Alumni Interview with Colin Thrapp

Alumni Interview with Colin Thrapp

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What have you been up to since graduation?

Well during my last year at school I worked at Outdated Cafe in Kingston one day per week.  I started there doing prep work - chopping vegetables, etc.  After graduation, I jumped right into working full-time as a dishwasher at Outdated, which I did for about six months, before moving on to being a prep cook for 8 months and then finally I was a head cook for the rest of my time there.  The experience showed me that I did really want to be a cook, although I wanted to work somewhere I could prepare food that was a little nicer, and I wanted to learn about meat (and Outdated is a vegetarian cafe).   I wanted broader knowledge of food, so one day I went across the street to the world-class butchery there, Fleishers, and asked the manager Bryan, “what’s the best way to learn how to butcher?” and he said, “Do you want a job?”  I knew immediately that I would quit my job at Outdated and start up at Fleishers.  I worked there for 9 months, and I learned more than I even knew existed, from working with the meat to learning about the animals themselves, what it means for animals to be healthy and happy, what the exact opposite means, and the difference in the quality of the meat.  Occasionally, we would get our meat in  “primals” which are essentially quarters of animals to butcher, 150 lb pieces of meat that we would take down, or more often Fleishers main butchery in Red Hook, Brooklyn, would send us “sub-primals,” which is essentially each muscle, where you might have the shoulder clod which is the ranch steak, or the London Broil, and we would break that down into steaks.

Before I even started working at Fleishers, I had bought a plane ticket to Norway, because I have Norwiegan blood and I wanted to go explore the country.  So really right after I started at Fleishers I took the trip, and while I was in Oslo I bought a plane ticket to Copenhagen on a whim, and went for one night and ate at a restaurant called Ante.  I met the cook and he asked me to come stag (apprentice) with him.  So I planned to go back after getting more experience at Fleishers.  When I did, this cook was at a new restaurant called Bror, and I started an apprenticeship there - the two head chefs had both been sue-chefs at Noma, which was the number one restaurant in the world for three consecutive years, so there was a lot to learn from them.  The biggest benefit for my career of the whole experience was networking - I have a job opportunity coming up at a restaurant in NYC which is a two Michelin star place called Momofuku ko, which is huge, and the opportunity opened up to me through connections I made in Copenhagen.  I’m glad I’m taking this route rather than say going to the Culinary Institute of America, because knowing the people I do seems way more valuable than a degree, which is really expensive anyway. Also, right now Noma now has a pop-up restaurant in Tulum, Mexico, which I’m going to visit at end of month.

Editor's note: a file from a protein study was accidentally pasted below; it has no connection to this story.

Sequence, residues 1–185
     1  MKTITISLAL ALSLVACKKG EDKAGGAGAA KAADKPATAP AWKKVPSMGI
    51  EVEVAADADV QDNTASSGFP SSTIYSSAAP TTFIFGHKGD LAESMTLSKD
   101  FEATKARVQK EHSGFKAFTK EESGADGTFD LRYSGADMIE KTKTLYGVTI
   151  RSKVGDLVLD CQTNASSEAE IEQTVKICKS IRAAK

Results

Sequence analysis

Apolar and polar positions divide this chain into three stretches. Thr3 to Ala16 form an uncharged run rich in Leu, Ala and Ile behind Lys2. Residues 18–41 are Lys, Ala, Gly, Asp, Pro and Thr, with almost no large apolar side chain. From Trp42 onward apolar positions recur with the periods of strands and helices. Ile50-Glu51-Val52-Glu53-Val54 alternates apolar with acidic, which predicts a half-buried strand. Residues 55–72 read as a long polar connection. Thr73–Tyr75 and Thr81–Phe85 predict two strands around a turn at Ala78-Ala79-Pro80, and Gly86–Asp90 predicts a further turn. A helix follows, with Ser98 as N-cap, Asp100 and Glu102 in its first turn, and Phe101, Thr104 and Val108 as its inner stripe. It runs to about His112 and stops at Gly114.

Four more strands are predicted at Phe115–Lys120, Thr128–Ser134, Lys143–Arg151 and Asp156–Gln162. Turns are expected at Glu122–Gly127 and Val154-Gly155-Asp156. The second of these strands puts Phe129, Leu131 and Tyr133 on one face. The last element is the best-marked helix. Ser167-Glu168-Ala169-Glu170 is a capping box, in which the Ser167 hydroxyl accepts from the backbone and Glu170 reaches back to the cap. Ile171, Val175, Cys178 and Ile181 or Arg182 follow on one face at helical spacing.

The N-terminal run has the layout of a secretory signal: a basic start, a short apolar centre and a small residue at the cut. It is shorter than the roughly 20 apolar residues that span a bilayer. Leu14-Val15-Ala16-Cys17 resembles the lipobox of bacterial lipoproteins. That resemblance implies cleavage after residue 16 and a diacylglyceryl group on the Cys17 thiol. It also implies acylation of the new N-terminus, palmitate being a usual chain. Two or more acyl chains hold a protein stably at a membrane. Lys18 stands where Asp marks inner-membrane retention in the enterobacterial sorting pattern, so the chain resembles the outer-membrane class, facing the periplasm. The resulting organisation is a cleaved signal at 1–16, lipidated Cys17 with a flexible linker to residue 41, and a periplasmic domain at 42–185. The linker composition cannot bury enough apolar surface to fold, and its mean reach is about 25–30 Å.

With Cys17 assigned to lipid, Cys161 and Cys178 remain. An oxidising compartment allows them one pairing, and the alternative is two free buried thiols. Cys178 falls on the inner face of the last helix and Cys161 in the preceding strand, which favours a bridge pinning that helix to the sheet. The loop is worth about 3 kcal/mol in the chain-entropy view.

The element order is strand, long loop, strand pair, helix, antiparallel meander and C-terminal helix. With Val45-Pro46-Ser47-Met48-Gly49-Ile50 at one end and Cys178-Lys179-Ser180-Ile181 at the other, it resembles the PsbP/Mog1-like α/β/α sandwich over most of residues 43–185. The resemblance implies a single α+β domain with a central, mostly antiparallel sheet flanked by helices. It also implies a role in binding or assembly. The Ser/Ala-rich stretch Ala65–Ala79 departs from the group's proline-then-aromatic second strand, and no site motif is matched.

What is your ambition?

In some ways it’s too early - I do have a fantasy of owning a restaurant but I know it’s really too early to clearly perceive what my ultimate goal should be - I’m still a beginner, so I’m still exploring.

What was your time at HVSS like?

I was four when the school was founded and spent a lot of time here that year, and then continued through until I graduated when I was 16, so I was here for around 11 or 12 years.  I spent maybe all my time as a younger student playing.  Later I had some more focused interests - I made movies for a while, and then got into photography and graphic design, I still do some 3-D art, not as much as I might like to do.  And close to the end of my time at school I started to get interested in cooking.

Did you ever study any academics at school?

No.

Are there any moments when you feel like your lack of academic training betrays you?

Uh...not really.  Although when I was in Copenhagen I was in a bar and doing a trivia competition, and I didn’t know some history facts, but it’s not as though that made me feel like my life was falling apart or anything, and actually my teammates (who had been through traditional school) didn’t either.

How did you learn how to read and write?

I don’t know, I think it just kind of happened.  When my brother was four he somehow started reading books, and I saw that, and figured I wanted to read books too.  I’m sure my parents helped me, I don’t have much memory of it.  For writing, it was more self-taught, mostly at school because that’s where I spent most of my time.  I don’t remember specifically how it happened - I think it was gradual, you have to write, it’s a necessity, so you figure it out.

Do you feel like you gained any skills at school that are serving you right now?

Definitely yes, although it’s always hard to know what’s happening because of having gone to HVSS or just because of who I am but if I had to guess what I got here, it’s being able to adapt to different situations quickly, socialize, not have a fear of talking to older people, and also not to have a fear or disdain of younger people trying to do amazing things.  Some people I’ve met in the restaurant industry do sort of look down on younger people in the industry and maybe distrust them, but I’m open to working with younger people and supporting them to get involved with things and succeed.

Note: Good news! Since we did this interview with Colin, he has been hired by Momofuku Ko and moved to NYC.

 

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